After his chains are removed Socrates sits up on his bed and begins to massage his leg, remarking on the close connection between pleasure and pain: even now he experiences the pleasure of the removal of the chains after all the pain they had caused him. He is eager for discussion even though the warder has warned him that overheating himself with discussion will mean he will need a bigger draught of hemlock. Socrates talks with friends and disciples, but the text becomes more a monologue than a dialogue, with his friends only occasionally saying a few words in agreement (shown in brackets).
Socrates reflects on the nature of death
“Is death nothing more or less than this, the body being all by itself, separated from the soul, and the soul being all by itself, separated from the body? Surely death can’t be anything other than this, can it?
“It will be when we die – so the argument goes – and not while we are alive, that we shall attain what we desire and claim to be in love with – wisdom. After all, if it is impossible to gain pure knowledge of anything with the body, then we are left with two alternatives: either it is impossible to acquire knowledge anywhere, or it is possible only for the dead. Then, and only then, will the soul be by itself, apart from the body. And while we are alive we shall be closest to knowledge, it seems, if as far as possible we refuse to associate with the body or have anything to do with it beyond what is absolutely unavoidable. We must not infect ourselves with the body’s nature, but keep ourselves in a state of purity from it, until God himself sets us free. That is the way we can be pure and freed from the body’s foolishness.…
“And purification, as we saw some time ago in our discussion, consists in separating the soul as much as possible from the body and growing accustomed to withdrawing from all contact with the body and concentrating itself by itself; and to live on its own, as far as it can, both in this life and the next, freed from the shackles of the body. Does not that follow?”
(“Yes, it does.”)
“And the desire to free the soul is found chiefly, or rather only, in the true philosopher. Isn’t the practice of philosophy just this, the release and separation of soul from body?”
(“It seems so.”)
“So, as I said in the beginning, wouldn’t it be absurd for a man to be preparing himself in his lifetime to live in a state as close as possible to death, but then to become distressed when death came to him?”
(“It would be absurd.”)
“Then it is the case that true lovers of wisdom (philosophers) practise dying and to them of all men death is least terrifying.”
Socrates considers the soul
“Well then, did we also say a little while back that when the soul makes use of the body for any inquiry, whether through sight or hearing or any other sense – after all examining something using the body means examining it using the senses – it is dragged by the body into the realm of change? That it becomes erratic, confused and dizzy, as if it had drunk too much, through contact with things of a similar nature?”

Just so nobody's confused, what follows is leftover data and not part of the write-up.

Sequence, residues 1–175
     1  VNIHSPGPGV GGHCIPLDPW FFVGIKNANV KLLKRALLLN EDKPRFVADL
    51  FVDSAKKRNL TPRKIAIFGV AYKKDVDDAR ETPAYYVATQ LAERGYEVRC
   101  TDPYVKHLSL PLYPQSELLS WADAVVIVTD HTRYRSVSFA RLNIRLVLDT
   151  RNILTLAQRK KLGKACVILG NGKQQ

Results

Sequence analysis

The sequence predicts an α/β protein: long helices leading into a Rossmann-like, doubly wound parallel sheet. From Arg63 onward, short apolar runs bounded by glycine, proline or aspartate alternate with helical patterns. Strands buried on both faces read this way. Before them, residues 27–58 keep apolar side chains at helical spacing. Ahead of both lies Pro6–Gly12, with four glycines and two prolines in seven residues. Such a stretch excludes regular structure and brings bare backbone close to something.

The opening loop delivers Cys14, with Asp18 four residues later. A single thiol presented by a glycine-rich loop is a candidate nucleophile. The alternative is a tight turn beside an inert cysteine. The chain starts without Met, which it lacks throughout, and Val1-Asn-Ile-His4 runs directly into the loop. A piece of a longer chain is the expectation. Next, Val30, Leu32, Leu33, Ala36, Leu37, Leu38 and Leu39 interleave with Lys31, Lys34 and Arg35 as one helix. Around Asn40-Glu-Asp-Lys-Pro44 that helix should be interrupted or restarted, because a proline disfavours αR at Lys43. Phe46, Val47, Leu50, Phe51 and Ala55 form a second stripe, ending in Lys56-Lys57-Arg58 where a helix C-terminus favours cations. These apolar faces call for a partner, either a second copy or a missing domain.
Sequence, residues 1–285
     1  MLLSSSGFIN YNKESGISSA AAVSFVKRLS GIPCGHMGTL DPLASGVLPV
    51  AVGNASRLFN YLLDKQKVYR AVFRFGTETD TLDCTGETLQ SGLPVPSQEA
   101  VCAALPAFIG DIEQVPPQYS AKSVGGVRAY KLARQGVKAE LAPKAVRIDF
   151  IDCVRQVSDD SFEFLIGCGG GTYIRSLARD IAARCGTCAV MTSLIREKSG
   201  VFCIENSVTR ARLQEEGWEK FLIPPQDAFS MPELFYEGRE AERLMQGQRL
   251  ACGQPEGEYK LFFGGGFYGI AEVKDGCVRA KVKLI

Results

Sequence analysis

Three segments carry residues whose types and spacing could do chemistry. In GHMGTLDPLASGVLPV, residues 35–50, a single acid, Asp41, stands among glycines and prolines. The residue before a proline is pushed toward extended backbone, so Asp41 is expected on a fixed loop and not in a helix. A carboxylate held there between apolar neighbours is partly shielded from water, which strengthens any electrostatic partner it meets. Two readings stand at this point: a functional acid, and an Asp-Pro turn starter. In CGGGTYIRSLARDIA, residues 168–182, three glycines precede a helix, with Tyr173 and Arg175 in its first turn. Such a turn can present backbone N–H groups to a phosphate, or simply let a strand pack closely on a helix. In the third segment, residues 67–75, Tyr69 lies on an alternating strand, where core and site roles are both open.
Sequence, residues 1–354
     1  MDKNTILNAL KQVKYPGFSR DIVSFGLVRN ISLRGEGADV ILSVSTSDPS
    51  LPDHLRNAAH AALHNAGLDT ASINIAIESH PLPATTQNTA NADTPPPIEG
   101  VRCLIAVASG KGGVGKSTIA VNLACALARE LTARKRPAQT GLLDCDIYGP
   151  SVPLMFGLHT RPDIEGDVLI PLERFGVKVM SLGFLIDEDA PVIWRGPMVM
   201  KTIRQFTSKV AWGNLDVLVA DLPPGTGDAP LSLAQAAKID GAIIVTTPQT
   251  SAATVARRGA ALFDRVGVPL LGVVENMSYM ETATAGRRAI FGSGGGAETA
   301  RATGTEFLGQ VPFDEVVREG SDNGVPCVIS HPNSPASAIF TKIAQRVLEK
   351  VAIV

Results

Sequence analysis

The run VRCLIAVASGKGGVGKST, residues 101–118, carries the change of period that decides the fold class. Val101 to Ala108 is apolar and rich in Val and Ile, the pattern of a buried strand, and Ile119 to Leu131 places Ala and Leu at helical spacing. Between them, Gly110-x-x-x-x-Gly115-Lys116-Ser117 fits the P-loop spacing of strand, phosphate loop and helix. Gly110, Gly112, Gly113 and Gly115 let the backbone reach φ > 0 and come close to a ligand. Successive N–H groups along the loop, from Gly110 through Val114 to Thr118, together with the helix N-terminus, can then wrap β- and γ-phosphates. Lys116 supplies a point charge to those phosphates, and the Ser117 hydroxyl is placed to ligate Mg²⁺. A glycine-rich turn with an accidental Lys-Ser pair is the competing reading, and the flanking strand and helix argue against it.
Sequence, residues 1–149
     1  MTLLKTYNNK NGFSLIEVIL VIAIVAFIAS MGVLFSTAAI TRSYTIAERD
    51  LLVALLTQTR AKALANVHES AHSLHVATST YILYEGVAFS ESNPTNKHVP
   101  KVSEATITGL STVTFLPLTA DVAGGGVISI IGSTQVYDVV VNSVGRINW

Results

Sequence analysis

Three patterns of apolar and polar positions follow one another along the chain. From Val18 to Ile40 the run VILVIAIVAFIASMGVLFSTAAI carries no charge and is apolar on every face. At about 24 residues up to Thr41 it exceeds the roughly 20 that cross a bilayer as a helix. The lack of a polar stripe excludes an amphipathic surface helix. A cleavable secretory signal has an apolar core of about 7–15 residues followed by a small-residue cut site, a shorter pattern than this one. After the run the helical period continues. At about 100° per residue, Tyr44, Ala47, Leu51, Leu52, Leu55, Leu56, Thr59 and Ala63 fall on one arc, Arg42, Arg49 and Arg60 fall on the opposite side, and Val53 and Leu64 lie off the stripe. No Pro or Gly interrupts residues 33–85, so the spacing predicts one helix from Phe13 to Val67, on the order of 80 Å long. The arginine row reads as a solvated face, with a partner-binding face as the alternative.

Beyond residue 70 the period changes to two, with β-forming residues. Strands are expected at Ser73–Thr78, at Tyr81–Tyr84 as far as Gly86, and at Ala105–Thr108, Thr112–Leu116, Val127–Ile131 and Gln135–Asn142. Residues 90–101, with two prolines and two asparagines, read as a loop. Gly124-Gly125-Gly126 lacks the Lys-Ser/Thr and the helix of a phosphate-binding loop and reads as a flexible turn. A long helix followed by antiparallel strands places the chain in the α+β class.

(“We certainly did.”)
“When it looks at things by itself, on the other hand, the soul departs from here to what is pure, everlasting, immortal and unchanging; and being of a similar nature, when it is once independent and free from interference, then its wanderings are over, and it remains in that realm of the absolute, constant and unchanging because it is in contact with things constant and unchanging. Isn’t wisdom the name given to this state of the soul?
“If at its release the soul is pure and carries with it no contamination of the body, because it has never willingly associated with it in life, but has shunned it and kept itself separate as its regular practice – in other words if it has pursued philosophy in the right way and really practised how to face death easily, then this is what practising death means, isn’t it?”
“A soul in this condition departs to a place which is like itself, invisible, divine, immortal and wise; where on arrival happiness awaits it and release from its wandering and folly, its fears and wild desires and other human evils; and where, as those who have been initiated into the Great Mysteries say, it really spends the rest of time with the gods.”
The true philosopher enjoys true freedom
“But to join the company of the gods is not permitted to the man who has not practised philosophy and departed this life in a state of perfect purity. It is permitted only to the lover of wisdom.
“That is why true philosophers abstain from all bodily desires. They stand firm and do not give into them.… Every seeker after wisdom knows that up to the time when philosophy takes it over, his soul is a helpless prisoner, chained hand and foot to the body, compelled to view reality not directly but through prison bars, and wallowing in complete ignorance. And philosophy can see that the imprisonment is ingeniously brought about by the prisoner’s own desires, which make him the chief accessory to his own imprisonment.